SHAWVILLE Aug. 27 - Sept. 2, 2019
On Thursday, the 163rd edition of the Shawville Fair finally opened to the public, drawing thousands of people to kick off the festivities.
The gates opened at 4 p.m. and the midway started up an hour after, the sight of carnies setting up their attractions mixed with the strong odors of food trucks and diesel, made it apparent that the biggest celebration in the Pontiac was about to get underway.
When things initially began, the foot-traffic was minimal, but the fairgrounds got significantly more lively as the night went on.
At around 6:30 p.m., flocks of people migrated to the outdoor ring behind the arena to find the best seats to catch the mightiest motors in town at the Truck and Tractor Pull.
The event was quite popular as both sides of the track were lined up with hundreds of people packing the wooden bleachers as many others stood along the railing, by the time the sun came down.
Organized by owners of M&L Enterprises Mel and Lynne Langton, the event was emceed by local tractor-pull announcer Marc Chartrand.
According to Lynne, she and her husband have been putting on around eight to 10 truck and tractor pulls around Ontario and Quebec every year and have been doing so for the last 25 years.
“It’s always very well-attended,” she said. “It’s always been on Thursday night.”
The contest featured over 25 riders competing in eight separate classes, using their powerful machines to pull a large, metal float weighing upwards of 60,000 pounds as far as they could down the track.
Inside the arena, a different kind of competition was taking place, this time a cake decorating showdown.
Making its debut at the fair, the event featured 12 teams battling it out to see who came out with the best masterpiece, while people packed the stands, cheering them on as loud as they could.
Each team was presented a cake with the challenge of decorating it in the most festive way possible according to a specific theme in limited time. Teams were judged on their end product’s overall look, the creativity of their design and their ability to best represent their respective theme.
When it was all done, judges assessed the results and at the end a team made up of Beachburg and Cobden fair board members came out on top.
After participating in the event, Pontiac MP Will Amos spoke about how much he enjoyed the sense of amicable competition the contest provided.
“It’s an intergenerational event,” he said. “It’s for everyone. It lights everyone up, we laugh and it’s not too serious.”
Right after the competition, emcee Phil Holmes kicked off the fair’s official opening ceremony by singing “O Canada” as the crowd joined in harmony.
Holmes highlighted the significance of the fair throughout his life and how grateful he is to have been a part of it from one year to the next.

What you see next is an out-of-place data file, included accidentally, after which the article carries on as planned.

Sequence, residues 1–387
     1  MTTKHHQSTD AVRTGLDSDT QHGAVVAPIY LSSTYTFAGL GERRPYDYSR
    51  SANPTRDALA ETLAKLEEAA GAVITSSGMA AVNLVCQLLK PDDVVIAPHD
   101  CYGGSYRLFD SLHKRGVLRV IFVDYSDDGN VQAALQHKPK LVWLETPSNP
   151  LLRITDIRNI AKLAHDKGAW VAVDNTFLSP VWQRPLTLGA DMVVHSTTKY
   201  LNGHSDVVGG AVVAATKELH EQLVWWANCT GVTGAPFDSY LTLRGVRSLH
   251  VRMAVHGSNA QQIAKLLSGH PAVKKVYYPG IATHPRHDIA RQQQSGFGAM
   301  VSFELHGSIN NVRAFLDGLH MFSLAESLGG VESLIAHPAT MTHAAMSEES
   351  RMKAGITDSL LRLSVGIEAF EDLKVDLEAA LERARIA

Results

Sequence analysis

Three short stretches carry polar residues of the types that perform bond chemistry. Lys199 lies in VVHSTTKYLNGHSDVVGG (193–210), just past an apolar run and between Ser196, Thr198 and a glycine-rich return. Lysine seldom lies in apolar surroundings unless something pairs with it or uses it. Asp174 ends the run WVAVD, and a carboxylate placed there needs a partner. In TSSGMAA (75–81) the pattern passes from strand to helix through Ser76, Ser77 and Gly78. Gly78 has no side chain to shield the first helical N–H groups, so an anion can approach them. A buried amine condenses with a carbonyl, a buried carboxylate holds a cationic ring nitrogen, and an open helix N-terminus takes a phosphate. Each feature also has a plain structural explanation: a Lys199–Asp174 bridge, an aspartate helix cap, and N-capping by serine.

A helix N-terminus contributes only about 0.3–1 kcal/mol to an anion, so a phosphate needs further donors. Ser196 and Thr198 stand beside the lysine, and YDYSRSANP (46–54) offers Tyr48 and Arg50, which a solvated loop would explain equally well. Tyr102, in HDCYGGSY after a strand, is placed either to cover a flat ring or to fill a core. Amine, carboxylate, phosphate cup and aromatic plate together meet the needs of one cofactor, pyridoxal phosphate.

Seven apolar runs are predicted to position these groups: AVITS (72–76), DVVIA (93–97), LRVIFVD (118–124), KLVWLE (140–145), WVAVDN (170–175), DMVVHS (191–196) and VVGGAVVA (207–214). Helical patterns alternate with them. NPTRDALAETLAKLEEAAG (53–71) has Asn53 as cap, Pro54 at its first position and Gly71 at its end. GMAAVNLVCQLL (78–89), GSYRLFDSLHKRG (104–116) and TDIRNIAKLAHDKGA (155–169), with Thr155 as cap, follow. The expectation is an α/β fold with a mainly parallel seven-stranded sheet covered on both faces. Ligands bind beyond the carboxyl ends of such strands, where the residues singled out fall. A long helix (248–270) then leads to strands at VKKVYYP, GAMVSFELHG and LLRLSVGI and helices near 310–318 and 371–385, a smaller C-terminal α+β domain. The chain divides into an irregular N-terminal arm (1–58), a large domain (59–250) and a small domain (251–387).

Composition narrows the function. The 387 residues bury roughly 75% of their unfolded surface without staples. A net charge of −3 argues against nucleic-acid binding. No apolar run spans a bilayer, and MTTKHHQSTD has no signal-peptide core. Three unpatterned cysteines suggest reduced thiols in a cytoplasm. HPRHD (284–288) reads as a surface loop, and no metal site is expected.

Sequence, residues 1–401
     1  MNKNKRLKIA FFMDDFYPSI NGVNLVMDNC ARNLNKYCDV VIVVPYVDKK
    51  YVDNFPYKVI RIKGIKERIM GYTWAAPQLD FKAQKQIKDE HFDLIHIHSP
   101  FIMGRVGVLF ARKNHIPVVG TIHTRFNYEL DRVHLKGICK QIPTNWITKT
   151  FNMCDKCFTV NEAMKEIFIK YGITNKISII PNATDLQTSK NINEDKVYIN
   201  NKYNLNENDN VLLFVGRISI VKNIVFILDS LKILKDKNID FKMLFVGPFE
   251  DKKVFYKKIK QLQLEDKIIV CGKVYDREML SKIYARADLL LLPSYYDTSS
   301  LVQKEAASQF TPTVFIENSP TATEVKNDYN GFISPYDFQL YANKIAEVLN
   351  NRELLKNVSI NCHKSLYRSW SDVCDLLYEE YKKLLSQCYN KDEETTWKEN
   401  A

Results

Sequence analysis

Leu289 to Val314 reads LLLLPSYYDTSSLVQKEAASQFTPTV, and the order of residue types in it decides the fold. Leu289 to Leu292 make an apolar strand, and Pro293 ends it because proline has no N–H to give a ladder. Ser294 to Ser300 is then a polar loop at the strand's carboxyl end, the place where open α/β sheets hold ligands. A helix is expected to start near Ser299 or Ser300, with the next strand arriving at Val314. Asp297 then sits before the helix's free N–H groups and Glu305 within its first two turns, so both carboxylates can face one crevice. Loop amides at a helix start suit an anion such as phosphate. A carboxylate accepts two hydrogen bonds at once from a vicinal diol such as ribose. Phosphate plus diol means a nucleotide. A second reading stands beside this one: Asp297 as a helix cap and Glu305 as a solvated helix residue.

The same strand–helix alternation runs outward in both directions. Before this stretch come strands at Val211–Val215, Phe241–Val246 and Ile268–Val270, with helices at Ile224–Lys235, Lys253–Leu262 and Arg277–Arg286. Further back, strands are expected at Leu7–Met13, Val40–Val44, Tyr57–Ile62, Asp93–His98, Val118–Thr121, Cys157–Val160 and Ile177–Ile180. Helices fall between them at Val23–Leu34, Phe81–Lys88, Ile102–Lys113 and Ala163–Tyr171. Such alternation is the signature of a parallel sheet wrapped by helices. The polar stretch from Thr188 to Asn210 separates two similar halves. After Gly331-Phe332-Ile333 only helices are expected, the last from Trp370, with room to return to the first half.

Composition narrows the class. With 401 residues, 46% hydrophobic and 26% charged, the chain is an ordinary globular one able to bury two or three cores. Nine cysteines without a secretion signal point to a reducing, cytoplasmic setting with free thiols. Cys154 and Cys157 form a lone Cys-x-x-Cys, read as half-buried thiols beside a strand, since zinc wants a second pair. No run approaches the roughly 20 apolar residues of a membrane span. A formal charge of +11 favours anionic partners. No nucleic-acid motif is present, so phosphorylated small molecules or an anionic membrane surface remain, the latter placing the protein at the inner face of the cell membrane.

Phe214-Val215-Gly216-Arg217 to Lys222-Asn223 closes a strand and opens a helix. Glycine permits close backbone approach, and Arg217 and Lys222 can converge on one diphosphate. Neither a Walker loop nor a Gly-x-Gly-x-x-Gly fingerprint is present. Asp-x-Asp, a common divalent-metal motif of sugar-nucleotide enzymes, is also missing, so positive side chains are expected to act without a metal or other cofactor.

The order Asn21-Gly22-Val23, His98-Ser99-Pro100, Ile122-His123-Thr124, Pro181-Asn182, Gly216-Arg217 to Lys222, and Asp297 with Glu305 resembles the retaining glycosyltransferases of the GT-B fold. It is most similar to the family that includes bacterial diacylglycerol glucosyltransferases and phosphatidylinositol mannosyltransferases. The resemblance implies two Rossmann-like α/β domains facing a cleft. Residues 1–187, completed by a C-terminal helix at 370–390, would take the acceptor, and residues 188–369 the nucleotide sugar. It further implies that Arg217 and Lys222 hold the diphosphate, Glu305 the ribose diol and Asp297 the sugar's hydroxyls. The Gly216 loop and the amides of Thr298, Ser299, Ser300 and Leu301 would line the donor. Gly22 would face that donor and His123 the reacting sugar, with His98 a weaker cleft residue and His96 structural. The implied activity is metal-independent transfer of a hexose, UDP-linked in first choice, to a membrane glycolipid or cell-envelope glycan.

“When you grow up in Shawville, the Shawville Fair is such a big event and to be standing on this stage as the master of ceremony of the opening ceremony really is an honour.”
Afterwards, several people including MRC Warden Jane Toller, Amos and Shawville Mayor Sandra Murray delivered speeches detailing their appreciation for the fair, its volunteers and its significance to the culture of the Pontiac.
“Through thick and thin, no matter what the Pontiac has been through, agriculture remains,” said Toller. “It was a heritage and we celebrate it today. This is a wonderful weekend for families.”
“It’s a huge testimony that after 163 years there can be so much community spirit and good will to keep an event like this going,” she added.
For Amos, Labour Day weekend has always been an exciting time that he’s looked forward to year after year and an event that holds an undeniable place in the region’s history.
“I love the Shawville Fair,” he said. “Every single year this is a happy, happy moment… it’s so much fun. I feel as though this is really the pre-eminent tradition in the Pontiac. This event pre-dates confederation… it really is as old as community in the Pontiac.”After the speeches, 2018 Shawville Fair Ambassador Alex Mayhew presented ribbons to each of the five best exhibits at the fair. First place went to Kelly King, Paul Scheel and Elwyn Lang with their beer tent exhibit.
As Mayhew’s final duty as the fair’s ambassador, he followed up by passing the torch to the 2019 Shawville Fair Ambassador Cadence Beck.
Beck thanked everyone who made her opportunity possible and invited attendees to stop by and have a chat with her and other ambassadors over the weekend.
She also spoke about the questionnaire she filled out that led to her getting the position and explained what she thinks makes the annual carnival significant for the Pontiac.
“As someone who lives in the agricultural world, I think the fair is important because it gives us a chance to celebrate the cropping season coming to an end and the beginning of preparation for the new one.”
Pontiac Agricultural Society President Tyler McCann followed up with a lengthy speech of his own, delivered in both French and English. In his speech, he referred to agriculture, entertainment, families and visitors as cornerstones for the fair’s sustained success.
“Welcoming you all to the fair is like welcoming you all to our house,” he said. “A house that was built in 1856… because it was built on a strong foundation, it is a house that stands strong after 163 years.”
Directors Sara Knox and Vaughan Bastien ended the ceremony, as they presented dedicated service awards to two long-time volunteers: Andrew Simms and Peter Haughton.
At the end of the ceremony, the decorated cakes were auctioned off to the highest bidders in the crowd. Raising nearly $2,500, all the funds are to go towards subsidizing a new elevator in the Shawville Lions Hall.
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